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- How To Play Bar Chords On Guitar | Beginner Guitarist Academy on How Long Does It Take To Learn Barre Chords
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- atanu on Barre Chords – A Complete Guide (hopefully!)
- Samuel Lafontaine on The Two Major Barre Chord Shapes You Need to Know
- kaoticnick on Why You Need Barre Chords
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If you’re reading this, you’re probably wondering whether barre chords are easier (or harder) on acoustic guitar versus their electric counterparts. The short answer is yes – it makes difference. Acoustic barre chords are considerably harder – especially if you’re playing on a steel string – for a number of reasons that I’ll explain below. Hopefully, it’ll be an interesting read and help you get the hang of playing barre chords better – whichever type you happen to be stuck with.
Electric guitars have something that their acoustic cousins don’t – external power. This means that they don’t rely on acoustic means (duh!) to generate sound and can generate the smallest detectable vibrations while allowing the amplifier to do the rest. You might ask; What does this have to do with playing barre chords on either of them? Well, because they need to provide more volume – without any external help – the vibrations (sound) produced by an acoustic guitar must be substantially greater than the tiny buzzing an electric guitar actually makes when it isn’t amplified. This means that the part of the guitar that produces sound – the strings – must be correspondingly thicker so they can move more air; thus producing a louder sound. Makes sense?
Maybe you can already see where this is going. Acoustic barre chords are harder to play because the thicker strings (i.e. higher gauge strings) are much harder to press down than much the thinner strings you’ll find on an electric. Barre chords inherently require extraordinary finger strength (which you’ll develop overtime) but the thick strings on an acoustic guitar do make it considerably harder. This is even more true if the guitar is steel stringed – simply because steel strings are heavier than their nylon counterparts and offer more resistance against your index finger as you try to press them down. But they sound sooo much better than nylon!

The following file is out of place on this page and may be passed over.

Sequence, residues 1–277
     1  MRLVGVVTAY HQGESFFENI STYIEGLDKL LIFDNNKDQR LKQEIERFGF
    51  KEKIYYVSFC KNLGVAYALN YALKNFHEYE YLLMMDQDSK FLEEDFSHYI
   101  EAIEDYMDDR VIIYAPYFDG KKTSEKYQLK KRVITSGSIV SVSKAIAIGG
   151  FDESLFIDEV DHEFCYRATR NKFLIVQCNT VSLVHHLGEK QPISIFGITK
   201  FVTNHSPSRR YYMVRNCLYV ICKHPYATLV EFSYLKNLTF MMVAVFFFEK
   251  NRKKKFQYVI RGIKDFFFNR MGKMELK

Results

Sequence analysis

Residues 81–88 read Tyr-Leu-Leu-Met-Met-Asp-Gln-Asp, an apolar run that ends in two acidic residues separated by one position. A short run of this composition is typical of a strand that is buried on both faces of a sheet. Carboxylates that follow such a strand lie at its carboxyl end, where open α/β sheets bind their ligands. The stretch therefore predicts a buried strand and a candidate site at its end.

Anyways, I actually do recommend that beginners learn barre chords on acoustic guitar first. The reason for this is simple – you want to be able to play on anything. If you specifically try to learn barre chords on electric first you WILL pick them up a bit faster but you will also regret it the day you want to play an acoustic and realize how limited you are as you struggle with barre chords all over again.
In contrast, if the get them down on acoustic you’ll be able to play them like a breeze on on your electric and never have to think about them too much again. In short, if you have a choice, learn on acoustic first and then switch over if you like. If you don’t have a choice, make the best of what you have and check out my barre chords resources to help you play them better!
P.S. You can post any questions you have on the new forums I’ve set up on the site or just come join our friendly new guitar community!